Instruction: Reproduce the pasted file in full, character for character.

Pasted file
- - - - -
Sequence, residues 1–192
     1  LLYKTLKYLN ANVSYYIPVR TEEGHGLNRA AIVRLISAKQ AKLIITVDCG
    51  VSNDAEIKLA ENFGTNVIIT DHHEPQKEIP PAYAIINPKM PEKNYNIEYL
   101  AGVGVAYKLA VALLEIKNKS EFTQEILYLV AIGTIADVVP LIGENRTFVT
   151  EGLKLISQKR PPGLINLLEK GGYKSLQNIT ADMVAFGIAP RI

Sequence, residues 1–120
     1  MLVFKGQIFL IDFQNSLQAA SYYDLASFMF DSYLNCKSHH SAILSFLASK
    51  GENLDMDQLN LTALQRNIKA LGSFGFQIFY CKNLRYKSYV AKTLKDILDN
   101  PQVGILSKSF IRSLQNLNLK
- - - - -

Sequence, residues 1–192
     1  LLYKTLKYLN ANVSYYIPVR TEEGHGLNRA AIVRLISAKQ AKLIITVDCG
    51  VSNDAEIKLA ENFGTNVIIT DHHEPQKEIP PAYAIINPKM PEKNYNIEYL
   101  AGVGVAYKLA VALLEIKNKS EFTQEILYLV AIGTIADVVP LIGENRTFVT
   151  EGLKLISQKR PPGLINLLEK GGYKSLQNIT ADMVAFGIAP RI

Sequence, residues 1–120
     1  MLVFKGQIFL IDFQNSLQAA SYYDLASFMF DSYLNCKSHH SAILSFLASK
    51  GENLDMDQLN LTALQRNIKA LGSFGFQIFY CKNLRYKSYV AKTLKDILDN
   101  PQVGILSKSF IRSLQNLNLK